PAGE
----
In laying bare corporeal resistance strategies and bodies, wartime torture uncovers complicated power relationships, often structured around stereotypical ideas about gender, sexuality, race, and nationality. At times, the body of the tortured is constructed as hypersexual or perversely sexual (which itself becomes a convenient justiﬁ cation for more torture, or torture in the ﬁ rst place), and at others the body becomes a passive site onto which the torturer may project anxieties about their own gender or sexuality. Intersecting with constructions (or deconstructions) of both masculinity and femininity may be a shoring-up of nationality and culture, particularly during “civilizing missions” that position the other as inferior. Taking the 1960 legal case of Djamila Boupacha, a young Algerian woman who was brutally raped and tortured by the French military during the French-Algerian War (1954-1962), as my point of departure, this chapter investigates how gender, sexuality, and nationality ﬁ gure in this physically and psychologically damaging act and in its subsequent representations. Although torture had been commonplace during this long war of decolonization, Boupacha’s case is unique in the attention it received, particularly from public intellectuals in France, prompting accusations such as that of Gisèle Halimi (1990), who stated that the interventions may have been less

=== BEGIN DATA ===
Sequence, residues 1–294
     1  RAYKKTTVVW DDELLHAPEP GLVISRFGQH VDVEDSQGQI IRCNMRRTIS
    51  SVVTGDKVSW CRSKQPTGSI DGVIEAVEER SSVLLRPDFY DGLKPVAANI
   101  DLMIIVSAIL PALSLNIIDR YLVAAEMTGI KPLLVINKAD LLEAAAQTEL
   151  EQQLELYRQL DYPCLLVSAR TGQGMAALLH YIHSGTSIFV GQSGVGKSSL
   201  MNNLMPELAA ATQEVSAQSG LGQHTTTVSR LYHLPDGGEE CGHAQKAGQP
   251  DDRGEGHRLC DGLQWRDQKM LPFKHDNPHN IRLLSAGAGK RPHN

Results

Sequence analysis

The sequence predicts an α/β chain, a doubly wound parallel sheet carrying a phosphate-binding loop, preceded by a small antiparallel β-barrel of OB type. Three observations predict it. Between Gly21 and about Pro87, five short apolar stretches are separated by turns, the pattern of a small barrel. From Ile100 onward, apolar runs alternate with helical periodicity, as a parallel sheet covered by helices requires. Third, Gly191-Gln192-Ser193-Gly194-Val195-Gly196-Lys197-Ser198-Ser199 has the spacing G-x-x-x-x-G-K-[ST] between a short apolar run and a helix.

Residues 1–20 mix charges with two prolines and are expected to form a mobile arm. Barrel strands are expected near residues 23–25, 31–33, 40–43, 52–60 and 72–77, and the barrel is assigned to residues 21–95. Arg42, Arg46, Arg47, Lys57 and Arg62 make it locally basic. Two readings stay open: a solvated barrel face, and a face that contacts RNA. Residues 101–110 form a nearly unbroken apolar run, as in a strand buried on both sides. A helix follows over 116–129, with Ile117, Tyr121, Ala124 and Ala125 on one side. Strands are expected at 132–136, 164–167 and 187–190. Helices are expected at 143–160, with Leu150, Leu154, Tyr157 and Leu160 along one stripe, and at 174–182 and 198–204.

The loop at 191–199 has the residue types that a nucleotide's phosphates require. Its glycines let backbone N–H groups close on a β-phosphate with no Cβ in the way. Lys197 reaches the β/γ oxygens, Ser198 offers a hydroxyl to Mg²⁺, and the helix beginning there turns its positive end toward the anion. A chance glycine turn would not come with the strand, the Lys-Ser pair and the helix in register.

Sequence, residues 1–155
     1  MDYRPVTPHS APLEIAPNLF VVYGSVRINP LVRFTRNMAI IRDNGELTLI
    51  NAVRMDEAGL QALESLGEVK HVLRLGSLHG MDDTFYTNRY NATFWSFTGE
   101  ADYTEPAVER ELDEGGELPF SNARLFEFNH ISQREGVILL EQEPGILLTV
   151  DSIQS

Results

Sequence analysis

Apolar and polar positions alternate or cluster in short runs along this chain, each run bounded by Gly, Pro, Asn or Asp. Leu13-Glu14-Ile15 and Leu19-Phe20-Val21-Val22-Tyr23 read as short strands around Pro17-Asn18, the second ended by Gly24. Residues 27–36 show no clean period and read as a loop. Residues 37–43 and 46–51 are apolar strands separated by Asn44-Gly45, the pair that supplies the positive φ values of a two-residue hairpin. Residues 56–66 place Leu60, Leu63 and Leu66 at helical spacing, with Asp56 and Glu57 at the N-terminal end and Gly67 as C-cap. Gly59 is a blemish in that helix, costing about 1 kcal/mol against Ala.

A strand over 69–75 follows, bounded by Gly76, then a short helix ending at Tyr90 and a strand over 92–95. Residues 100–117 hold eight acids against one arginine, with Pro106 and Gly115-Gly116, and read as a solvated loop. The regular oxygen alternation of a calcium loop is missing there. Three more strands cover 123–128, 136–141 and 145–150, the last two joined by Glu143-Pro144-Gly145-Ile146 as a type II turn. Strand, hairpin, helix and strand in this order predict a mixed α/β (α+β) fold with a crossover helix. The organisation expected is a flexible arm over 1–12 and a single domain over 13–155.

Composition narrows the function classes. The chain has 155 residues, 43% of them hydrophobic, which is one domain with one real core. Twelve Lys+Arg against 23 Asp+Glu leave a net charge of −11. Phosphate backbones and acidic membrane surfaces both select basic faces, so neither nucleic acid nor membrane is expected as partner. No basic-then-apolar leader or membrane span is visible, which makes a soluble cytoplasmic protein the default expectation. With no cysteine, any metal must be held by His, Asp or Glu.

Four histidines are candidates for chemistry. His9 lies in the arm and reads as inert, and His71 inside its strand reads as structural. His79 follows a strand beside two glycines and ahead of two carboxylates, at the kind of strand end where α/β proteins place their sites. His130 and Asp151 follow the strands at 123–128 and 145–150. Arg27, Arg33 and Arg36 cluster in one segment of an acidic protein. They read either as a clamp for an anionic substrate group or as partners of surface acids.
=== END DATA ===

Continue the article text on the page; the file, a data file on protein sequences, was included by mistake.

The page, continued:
than pure. For some political activists and scholars, Boupacha’s story has functioned as proof of the existence of torture during the war, whereas for others it has been taken up as a convenient opportunity to oppose governmental policies, if only then to reaffi rm French nationality. Still others have made her into a symbol of the dangers of colonialism and unchecked militancy, and a select few have used the story in an attempt to give her a public voice. Here, I use Boupacha’s case to show how gender and sexuality ﬁ gure in the torture scene, taken up by all sides to project an image of her that helped bolster national identities and fulﬁ ll political goals.